Wilder vs Fury 2: Big Fight Preview & Prediction
Judges are paid to do a job, they say scoring is subjective, but many feel that the judges failed to do their job in 2018 when Tyson Fury first challenged Deontay Wilder.
Wilder was given an early Xmas present, Fury won the fight but was denied his moment by the judges who somehow came up with a split-draw to save Wilder’s WBC world heavyweight title. It had nothing to do with subjective, it was obvious who won that fight.
But tonight in Las Vegas they go again, and this time the hope is all doubt is removed and we get the definitive ending we were denied last time.
Some may lambast the current crop of heavyweights, but there is no doubt this is the most exciting period in recent memory for the heavyweight division.
The rematch this weekend adds greatly to the momentum, a genuine 50/50 fight that is incredibly hard to pick to a winner, you can quite easily make a case for either fighter.
Fury has had five fights since he launched his inspirational comeback. Against Wilder, he was sensational, in the other four fights we saw something a little less, for varying reasons.
Wilder was seated ringside when Fury laboured to an uninspiring points victory Francesco Pianeta, Wilder can’t have been impressed and would definitely have liked what he witnessed. The Pianeta fight was early in the Fury comeback, and Wilder would surely have thought the time is right.
Wilder must have been shocked, we all were, by the level of performance Fury gave us. Wilder might have been surprised last time, this time there can be no such excuse.
Was the performance Wilder put in a one-off, an off night fuelled by a lack of motivation against an opponent he expected to beat and easily. But Wilder has shown his limitations before, if you show movement and angles he clearly struggles.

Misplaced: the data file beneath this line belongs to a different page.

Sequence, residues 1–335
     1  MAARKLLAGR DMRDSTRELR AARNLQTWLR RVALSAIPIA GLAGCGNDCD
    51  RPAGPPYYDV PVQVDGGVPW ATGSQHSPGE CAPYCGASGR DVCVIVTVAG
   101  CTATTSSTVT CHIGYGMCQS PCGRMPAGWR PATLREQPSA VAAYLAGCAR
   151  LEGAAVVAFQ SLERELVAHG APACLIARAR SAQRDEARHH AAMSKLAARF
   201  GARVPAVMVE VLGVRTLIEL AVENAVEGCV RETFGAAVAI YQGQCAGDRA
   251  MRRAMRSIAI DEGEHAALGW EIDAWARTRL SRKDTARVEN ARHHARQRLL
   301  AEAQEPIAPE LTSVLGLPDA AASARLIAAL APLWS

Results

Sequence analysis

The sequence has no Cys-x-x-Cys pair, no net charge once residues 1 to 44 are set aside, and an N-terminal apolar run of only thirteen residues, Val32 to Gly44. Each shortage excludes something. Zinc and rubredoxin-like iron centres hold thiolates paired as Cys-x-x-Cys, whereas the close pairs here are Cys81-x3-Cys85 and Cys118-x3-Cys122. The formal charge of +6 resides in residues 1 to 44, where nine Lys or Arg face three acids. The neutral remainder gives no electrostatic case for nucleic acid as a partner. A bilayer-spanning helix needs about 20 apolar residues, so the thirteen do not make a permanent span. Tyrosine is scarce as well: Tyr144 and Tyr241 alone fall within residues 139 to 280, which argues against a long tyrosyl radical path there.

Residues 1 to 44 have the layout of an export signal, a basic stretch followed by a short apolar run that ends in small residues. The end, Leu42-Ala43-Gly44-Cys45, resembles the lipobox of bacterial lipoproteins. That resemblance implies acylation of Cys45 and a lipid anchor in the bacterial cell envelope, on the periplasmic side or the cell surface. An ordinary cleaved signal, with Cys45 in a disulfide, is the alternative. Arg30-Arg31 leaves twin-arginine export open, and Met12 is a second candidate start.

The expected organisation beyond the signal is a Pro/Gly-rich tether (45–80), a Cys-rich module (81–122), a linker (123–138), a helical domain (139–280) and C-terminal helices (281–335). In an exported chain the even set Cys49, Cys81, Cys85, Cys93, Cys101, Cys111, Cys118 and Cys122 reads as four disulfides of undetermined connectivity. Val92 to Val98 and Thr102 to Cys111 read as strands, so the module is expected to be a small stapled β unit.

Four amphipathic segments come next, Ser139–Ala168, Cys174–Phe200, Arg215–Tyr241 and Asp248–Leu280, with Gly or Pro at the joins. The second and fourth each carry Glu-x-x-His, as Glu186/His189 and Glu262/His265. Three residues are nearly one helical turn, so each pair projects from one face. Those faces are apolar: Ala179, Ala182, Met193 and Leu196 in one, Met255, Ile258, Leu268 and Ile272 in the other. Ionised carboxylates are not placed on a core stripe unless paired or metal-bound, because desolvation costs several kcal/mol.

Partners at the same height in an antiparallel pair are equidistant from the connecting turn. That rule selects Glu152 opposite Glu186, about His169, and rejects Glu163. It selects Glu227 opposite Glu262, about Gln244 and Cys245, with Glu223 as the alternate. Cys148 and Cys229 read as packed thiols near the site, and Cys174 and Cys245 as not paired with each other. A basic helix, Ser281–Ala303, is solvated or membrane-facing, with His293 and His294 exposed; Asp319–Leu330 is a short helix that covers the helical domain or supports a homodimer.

But whatever he isn’t, we shouldn’t forget what he is. Wilder has that rare type of power that makes everything else irrelevant. The way to beat Wilder looks simple, but nobody has yet been able to execute it.
When an opponent is seemingly comfortable and doing well against Wilder, that is when they are at their most vulnerable, imminent danger.
But Wilder hasn’t corrected his technical flaws, he relies on his power a little too much, a belief that at some point in a fight it will be enough, at some point it won’t be.
As good as Fury looked against Wilder, I wondered if that was his best chance gone, did he look that good because Wilder was so bad.
Wilder is certainly suspect around the chin, but I believe his gas tank is his true weakness. Wilder fights are often fought at his pace, take him out of his comfort zone, educated pressure and I think you will see him break. Fury agrees and says he wants to make Wilder feel his power, and even though I agree, but is Fury the right man for those tactics, I have my doubts.
Fury to win has to do what he did last time, only better. At times it was ridiculously easy for Fury, which probably led to the lapses in concentration which saw him dropped twice, which ultimately cost him the decision.
But I have major concerns, switching trainers so close to a big fight like this worries me, yes it might work, but will Fury be caught between change and what’s familiar.
Both are much heavier than in the first fight, but will that really help Fury. The additional weight might add a little more venom to his shots, but it will also slow him down, and if it does, his chances of winning, drastically reduce.
Fury might be playing mind games, but going looking for Wilder as he says, looks a mission to oblivion.
The Otto Wallin fight highlighted Fury’s guts and hearts, but also worrying signs, that version of Fury loses to Wilder. Fury will not fight Wilder in the same way he did against Wallin, but his performance that night just adds to the doubts I already have.
The horrific deep cut Fury suffered over his right eye in the Wallin fight could be another problem if it opens up again, if it does, he might not be given the benefit of the doubt he was against Wallin.
Fury might very well put on another masterclass, and if he can avoid the canvas he almost certainly wins on points, I can’t see anyway Wilder wins this fight on the scorecards, then again he didn’t deserve the draw he got last time.
But I have a gut feeling this ends inside the distance, and if it does, the likelihood is that Wilder will be the last man standing, and it might be quicker than a lot of people think.